Group work is a learning experience

Image via Helloquence (Unsplash)

Yesterday in class we had a coding evaluation which had us take in input from the user, compare it against a set of given requirements, and output it. As I don’t have explicit permission from the instructor to reproduce his work for this post, I’m going to make up an example.

The formula for converting Fahrenheit to Celsius is XYZ. Write a program that asks the user for the temperature in Fahrenheit and returns the value in Celsius. Along with this, write it so that depending on the range of the temperatures, these different statements are expressed:
-30C — -15C: Have you considered moving to Canada?
-14C — -5C: This too shall pass.
-4C — 5C: I hope you’ve invested in a decent windbreaker and toque.
6C — 12C: What a lovely spring day we’re having!
13C — 17C: This really could be the start of a lovely season.
18C — 22C: Goodbye sweatshirts, hello, t-shirts!
23C — 28C: For the average Canadian, this may be a bit much…
>29C: Anyone feel like heading up to the frozen north for a minute?

That’s the idea, really.

For the curious, we programmed in C#. Creating new objects or classes were not required (yet!), and as long as the output matched the test values that the instructor gave us, we would receive full marks. Finally, we were allowed to refer to our notes and heavily encouraged to consult with the individuals around us.

With the exception of a minor hiccup, my code ran well. The test data returned what it was supposed to. Everything was going great.

It was perfect timing for one of my biggest fears to pop up.

“Is your code working?” asked the student beside me.

“Yeah,” I replied. “Is yours good?”

“Almost,” she said. “My second output is returning the information from the first one, and I can’t seem to figure out why that is.”

“Oh. Um. Uh…do you want me to look at it with you?”

In response, she pulled her laptop over to me and put the second test data into her program.

I think that if I wasn’t sweating when she started talking to me, I was sweating then.

You know that old Jerry Seinfeld sketch about people fearing public speaking over death, about how they’d rather be in the casket than the one giving the eulogy?

For me, having to troubleshoot someone else’s code is a more terrifying prospect than public speaking.

Much like Mesut Ozil, I resort to prayer when someone asks me to troubleshoot their code.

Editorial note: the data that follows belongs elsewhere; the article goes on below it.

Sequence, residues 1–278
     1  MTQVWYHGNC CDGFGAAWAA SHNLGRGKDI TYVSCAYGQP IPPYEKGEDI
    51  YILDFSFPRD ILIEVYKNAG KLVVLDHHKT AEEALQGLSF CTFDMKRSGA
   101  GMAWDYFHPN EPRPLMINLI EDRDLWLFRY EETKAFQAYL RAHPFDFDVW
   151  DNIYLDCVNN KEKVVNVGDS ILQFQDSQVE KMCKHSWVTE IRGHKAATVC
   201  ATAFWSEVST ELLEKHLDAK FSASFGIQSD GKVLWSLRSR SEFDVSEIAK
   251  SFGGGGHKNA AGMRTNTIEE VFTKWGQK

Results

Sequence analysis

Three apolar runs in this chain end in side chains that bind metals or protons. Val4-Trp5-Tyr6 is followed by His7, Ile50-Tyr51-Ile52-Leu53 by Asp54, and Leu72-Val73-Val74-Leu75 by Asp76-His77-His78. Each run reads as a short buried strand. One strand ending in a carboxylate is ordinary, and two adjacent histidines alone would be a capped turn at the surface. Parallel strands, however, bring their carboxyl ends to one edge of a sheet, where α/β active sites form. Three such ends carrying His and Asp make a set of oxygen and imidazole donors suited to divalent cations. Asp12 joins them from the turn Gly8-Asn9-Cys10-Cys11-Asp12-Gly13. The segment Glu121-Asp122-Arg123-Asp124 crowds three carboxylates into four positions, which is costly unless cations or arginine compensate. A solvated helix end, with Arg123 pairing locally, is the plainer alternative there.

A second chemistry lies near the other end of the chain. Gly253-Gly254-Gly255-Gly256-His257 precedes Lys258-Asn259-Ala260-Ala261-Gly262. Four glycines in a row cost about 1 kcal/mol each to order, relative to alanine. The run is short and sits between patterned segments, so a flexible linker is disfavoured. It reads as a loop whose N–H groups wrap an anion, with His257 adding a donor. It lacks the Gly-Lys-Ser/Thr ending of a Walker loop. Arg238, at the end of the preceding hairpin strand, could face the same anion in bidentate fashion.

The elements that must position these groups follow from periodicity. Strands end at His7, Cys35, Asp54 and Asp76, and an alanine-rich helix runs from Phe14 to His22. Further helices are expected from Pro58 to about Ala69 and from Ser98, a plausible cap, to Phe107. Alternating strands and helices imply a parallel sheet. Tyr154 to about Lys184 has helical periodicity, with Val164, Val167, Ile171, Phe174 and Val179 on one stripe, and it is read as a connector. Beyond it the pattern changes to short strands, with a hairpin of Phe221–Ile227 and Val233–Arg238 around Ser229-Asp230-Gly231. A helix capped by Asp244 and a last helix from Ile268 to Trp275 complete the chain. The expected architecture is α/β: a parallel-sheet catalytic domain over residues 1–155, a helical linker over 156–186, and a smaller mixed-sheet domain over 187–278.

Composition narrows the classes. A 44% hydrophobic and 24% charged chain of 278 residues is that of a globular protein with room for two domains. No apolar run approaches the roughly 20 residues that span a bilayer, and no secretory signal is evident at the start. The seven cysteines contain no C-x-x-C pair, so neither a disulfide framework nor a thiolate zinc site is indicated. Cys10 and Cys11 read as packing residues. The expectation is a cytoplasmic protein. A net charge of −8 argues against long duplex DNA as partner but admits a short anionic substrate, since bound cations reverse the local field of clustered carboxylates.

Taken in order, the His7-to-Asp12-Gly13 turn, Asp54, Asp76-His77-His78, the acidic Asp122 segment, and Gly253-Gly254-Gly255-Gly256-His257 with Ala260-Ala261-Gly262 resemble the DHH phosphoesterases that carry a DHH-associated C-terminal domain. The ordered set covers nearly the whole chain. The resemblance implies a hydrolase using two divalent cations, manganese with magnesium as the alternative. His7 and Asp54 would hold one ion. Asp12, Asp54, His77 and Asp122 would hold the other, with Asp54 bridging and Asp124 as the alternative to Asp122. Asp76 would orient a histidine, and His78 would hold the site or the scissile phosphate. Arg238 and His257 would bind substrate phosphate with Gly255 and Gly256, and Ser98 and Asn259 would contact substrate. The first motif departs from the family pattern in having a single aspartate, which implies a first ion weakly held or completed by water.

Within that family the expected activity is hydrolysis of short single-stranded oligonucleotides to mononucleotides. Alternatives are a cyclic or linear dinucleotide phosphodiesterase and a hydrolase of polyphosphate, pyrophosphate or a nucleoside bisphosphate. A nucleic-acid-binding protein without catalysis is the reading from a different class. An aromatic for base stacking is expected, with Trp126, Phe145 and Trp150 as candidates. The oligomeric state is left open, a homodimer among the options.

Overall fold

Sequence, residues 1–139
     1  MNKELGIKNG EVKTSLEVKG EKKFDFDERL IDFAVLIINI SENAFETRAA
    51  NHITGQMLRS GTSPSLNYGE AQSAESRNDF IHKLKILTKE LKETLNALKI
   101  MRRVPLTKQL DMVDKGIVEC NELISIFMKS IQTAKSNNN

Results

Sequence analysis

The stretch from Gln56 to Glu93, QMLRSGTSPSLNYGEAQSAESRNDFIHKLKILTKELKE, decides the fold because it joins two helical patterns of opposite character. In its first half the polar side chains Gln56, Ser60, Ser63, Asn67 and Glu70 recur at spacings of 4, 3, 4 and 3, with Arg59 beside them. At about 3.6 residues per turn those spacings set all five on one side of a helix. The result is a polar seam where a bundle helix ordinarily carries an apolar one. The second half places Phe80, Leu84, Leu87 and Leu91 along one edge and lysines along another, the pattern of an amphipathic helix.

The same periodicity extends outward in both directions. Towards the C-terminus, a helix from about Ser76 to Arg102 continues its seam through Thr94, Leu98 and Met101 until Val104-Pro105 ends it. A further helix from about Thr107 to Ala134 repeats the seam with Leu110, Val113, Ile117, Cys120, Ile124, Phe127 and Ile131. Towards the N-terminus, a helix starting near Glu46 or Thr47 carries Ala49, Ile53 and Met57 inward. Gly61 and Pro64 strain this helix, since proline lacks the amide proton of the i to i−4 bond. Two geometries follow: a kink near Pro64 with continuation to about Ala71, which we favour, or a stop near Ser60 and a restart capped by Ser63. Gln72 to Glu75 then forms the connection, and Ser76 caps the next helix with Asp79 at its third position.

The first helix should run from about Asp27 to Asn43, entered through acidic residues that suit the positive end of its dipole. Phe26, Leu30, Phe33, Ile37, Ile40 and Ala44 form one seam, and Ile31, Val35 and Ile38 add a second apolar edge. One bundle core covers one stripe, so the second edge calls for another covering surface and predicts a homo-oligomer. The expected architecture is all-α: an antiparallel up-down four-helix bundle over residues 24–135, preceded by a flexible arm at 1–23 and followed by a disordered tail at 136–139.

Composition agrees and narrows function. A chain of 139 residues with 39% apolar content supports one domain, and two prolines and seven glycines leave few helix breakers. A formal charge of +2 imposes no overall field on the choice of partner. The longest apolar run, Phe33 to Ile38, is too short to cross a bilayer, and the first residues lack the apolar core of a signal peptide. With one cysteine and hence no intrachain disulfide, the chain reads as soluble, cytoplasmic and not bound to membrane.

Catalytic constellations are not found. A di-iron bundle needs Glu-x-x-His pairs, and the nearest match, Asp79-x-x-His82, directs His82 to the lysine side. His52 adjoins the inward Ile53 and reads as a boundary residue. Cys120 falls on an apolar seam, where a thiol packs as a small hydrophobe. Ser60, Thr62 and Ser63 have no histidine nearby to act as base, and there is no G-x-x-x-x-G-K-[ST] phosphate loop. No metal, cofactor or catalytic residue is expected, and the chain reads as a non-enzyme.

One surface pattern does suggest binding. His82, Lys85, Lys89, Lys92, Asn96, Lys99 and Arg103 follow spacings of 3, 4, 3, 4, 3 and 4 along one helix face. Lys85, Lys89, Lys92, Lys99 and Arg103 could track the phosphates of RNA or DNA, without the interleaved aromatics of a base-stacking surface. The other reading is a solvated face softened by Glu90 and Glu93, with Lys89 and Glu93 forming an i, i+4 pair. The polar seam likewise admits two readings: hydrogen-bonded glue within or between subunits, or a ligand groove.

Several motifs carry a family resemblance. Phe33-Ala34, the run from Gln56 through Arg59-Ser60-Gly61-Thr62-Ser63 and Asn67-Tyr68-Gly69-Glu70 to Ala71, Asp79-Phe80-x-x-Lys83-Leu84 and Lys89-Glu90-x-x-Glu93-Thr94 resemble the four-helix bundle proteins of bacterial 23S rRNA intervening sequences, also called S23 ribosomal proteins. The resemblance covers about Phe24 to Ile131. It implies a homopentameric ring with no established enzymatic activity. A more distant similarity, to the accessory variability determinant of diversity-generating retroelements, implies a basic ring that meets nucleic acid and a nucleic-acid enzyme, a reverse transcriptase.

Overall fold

It’s a combination of not being comfortable with development and a lack of faith in my own skills, but someone asking me to help them troubleshoot is a nightmare. I know it’s something I have to get more comfortable with in this field, and it’ll take practice.

My immediate response whenever someone asks for help is to say, “Here’s how I did it. This is the right way to do do it. Do it my way.” But that’s not how the people who’ve helped me have gone about it at all. They always sat me down and said, “Okay. What are you doing? Tell me what you’re trying to achieve. Why did you do this thing this way?”

Doing this helped me a lot because it focused less on the results of the small programs I was trying to create in class and more on the methodology behind them. So I tried the same with my new partner:

“Can you explain to me what you’re trying to do?”

We started talking about the problem she was solving. As we talked more, I looked through her code and we began commenting and adding lines here and there based on our logic. Another student pulled up beside us after he finished his assessment and joined in the testing.

In the end, we did solve the problem and she got her full marks. As it happens, when you initialize a variable and forget about it in a stream of code, it can mess with your final output.

Who knew?

It was a team effort. Sometimes you need people to come in and look at your code with fresh eyes. It doesn’t mean you’re dumb or not as strong in your skills as the individuals around you. It just means that you’re mature enough to ask for help, is all.

There won’t always be an instructor or professor to help us. I’ll have to get comfortable with reading through documentation or StackOverflow answers on the job. But there’ll always be developers around you that you can ask for help. And if they’re as any good of a debugging crew as our crew yesterday, then I think that we’ll be in good hands.

If you’re interested in checking out my go at the sample problem above, you can find the code here. It’s a simple console application for now — suggestions and tips are always welcome!

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